Dictionary of National Biography, 1885-1900/Chancellor, Richard
CHANCELLOR, RICHARD (d. 1556), navigator, accompanied 'Roger Bodenham with the great Barke Aucher' on a journey to Condia and Chio in 1550. He was in 1553 chosen to be captain of the Edward Bonaventure, and 'pilot-general' of the expedition which was fitted out under the command of Sir Hugh Willoughby [q. v.] in the Bona Esperanza, 'for the search and discovery of the northern part of the world,' and especially to look for a north-east passage to India. Chancellor is described as 'a man of great estimation for many good parts of wit,' and as having been 'brought up by one Master Henry Sidney,' the father of the better known Sir Philip. He seems to have been a seafaring man. Sidney said in commending him to the merchants adventurers in this expedition: 'I rejoice in myself that I have nourished and maintained that wit, which is like by some means and in some measure to profit and stead you in this worthy action. ... I do now part with Chancellor, not because I make little reckoning of the man, or because his maintenance is burdenous and chargeable unto me. . . You know the man by report, I by experience; you by words, I by deeds; you by speech and company, but I by the daily trial of his life have a full and perfect knowledge of him.'
The ships, victualled for eighteen months, dropped down the river on 20 May, but were delayed for several days at Harwich, waiting for a fair wind. During this time it was discovered that a considerable part of the provisions was bad, and that the wine casks were leaking. It was, however, too late to get the evil remedied before the expedition finally sailed. In a violent gale of wind off the Lofoden Islands the ships were separated, nor did they again meet. Vardohuus had been given by the general as a rendezvous, and thither Chancellor made his way; but after waiting there seven days without hearing anything of the other ships he determined to push on alone, and came some days later into the White Sea. Thence he was permitted and invited to go overland to Moscow, where he was entertained by the emperor, and obtained from him a letter to the king of England, granting freedom and every facility of trade to English ships. Of the barbaric splendour of the Russian court, of the manners, religion, and laws of the Russian people, of the Russian towns and trade, an account, furnished by Chancellor and his companions, and written by Clement Adams [q. v.], was published in Hakluyt's 'Navigations,' and is curious, as the earliest account of a people then little known and still on the confines of barbarism. It was not till the following spring that Chancellor rejoined his ship, which had wintered in the neighbourhood of the modern Archangel, and in the course of the summer of 1554 he returned to England. His voyage, his discovery of a convenient port, and his successful negotiation at Moscow, at once opened the Russian trade, and led to the establishment of the Muscovy Company. Chancellor himself, still in the Edward Bonaventure, made a second voyage to the White Sea in the summer of 1555. He was at Moscow in November 1555, and on 25 July 1556 started in the Bonaventure on his journey home. The ship was cast away off Pitsligo (10 Nov.) on the coast of Aberdeenshire in Aberdour Bay. Chancellor and the greater part of the crew perished with her. Of his family nothing is known, except that in 1553 he had two sons, still boys, of whose orphanage he is said to have had a melancholy oreboding. The orthography of his name, too, is quite uncertain. No signature seems to be extant. Hakluyt, whose spelling of names is always wild, wavers between Chanceler and Chancelour, and Clement Adams latinises it as Cancelerus. Hakluyt prints Chancellor’s ‘Booke of the great and mighty Emperor of Russia . . .’ dedicated to the author’s uncle, Christopher Frothingham.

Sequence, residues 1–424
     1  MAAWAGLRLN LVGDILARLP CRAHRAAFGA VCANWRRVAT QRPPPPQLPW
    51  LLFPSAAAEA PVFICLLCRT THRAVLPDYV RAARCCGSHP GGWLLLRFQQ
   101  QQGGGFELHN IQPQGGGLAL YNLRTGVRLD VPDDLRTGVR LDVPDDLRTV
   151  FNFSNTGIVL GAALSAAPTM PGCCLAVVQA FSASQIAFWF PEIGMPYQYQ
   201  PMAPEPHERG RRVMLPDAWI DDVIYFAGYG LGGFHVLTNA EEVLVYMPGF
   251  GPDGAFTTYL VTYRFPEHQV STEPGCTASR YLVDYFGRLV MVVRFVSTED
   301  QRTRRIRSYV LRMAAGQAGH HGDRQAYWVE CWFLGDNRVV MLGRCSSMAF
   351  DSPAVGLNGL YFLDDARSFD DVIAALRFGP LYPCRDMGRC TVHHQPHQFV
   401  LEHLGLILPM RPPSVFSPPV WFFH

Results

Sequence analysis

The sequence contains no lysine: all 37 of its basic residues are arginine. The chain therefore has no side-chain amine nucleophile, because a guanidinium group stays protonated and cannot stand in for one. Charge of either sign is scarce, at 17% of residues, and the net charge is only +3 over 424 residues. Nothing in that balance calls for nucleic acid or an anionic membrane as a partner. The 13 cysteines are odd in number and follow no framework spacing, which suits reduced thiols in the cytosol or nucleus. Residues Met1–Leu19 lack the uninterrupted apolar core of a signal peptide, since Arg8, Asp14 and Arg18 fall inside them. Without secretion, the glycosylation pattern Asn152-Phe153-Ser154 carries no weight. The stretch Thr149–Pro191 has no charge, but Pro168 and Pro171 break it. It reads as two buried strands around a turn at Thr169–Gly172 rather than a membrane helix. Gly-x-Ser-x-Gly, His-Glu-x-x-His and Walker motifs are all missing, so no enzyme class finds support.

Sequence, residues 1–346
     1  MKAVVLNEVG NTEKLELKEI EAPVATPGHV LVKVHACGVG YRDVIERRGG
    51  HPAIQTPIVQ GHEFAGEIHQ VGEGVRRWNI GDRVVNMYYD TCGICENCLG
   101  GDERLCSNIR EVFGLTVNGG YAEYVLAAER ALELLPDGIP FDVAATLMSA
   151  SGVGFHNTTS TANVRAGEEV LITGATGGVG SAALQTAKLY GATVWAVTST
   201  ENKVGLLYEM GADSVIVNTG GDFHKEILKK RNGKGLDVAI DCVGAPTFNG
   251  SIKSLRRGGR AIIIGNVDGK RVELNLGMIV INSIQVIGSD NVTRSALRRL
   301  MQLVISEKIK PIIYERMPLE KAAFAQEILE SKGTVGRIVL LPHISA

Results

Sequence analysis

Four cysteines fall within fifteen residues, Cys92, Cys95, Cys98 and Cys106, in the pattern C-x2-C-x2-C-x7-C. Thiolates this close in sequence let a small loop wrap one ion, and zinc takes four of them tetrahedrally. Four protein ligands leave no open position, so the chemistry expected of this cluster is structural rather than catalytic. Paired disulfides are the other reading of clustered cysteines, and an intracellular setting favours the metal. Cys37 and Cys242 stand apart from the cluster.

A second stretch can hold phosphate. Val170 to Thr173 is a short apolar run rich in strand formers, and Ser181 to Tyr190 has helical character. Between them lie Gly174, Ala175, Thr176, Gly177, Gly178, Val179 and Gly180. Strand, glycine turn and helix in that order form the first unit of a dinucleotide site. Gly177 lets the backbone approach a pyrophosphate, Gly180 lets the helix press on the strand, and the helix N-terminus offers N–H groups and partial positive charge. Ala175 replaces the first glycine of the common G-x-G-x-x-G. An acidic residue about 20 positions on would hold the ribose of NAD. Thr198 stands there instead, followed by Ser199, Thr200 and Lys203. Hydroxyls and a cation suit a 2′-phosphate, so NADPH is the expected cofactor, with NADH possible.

[Hakluyt's Principal Navigations, &c. vol. i.]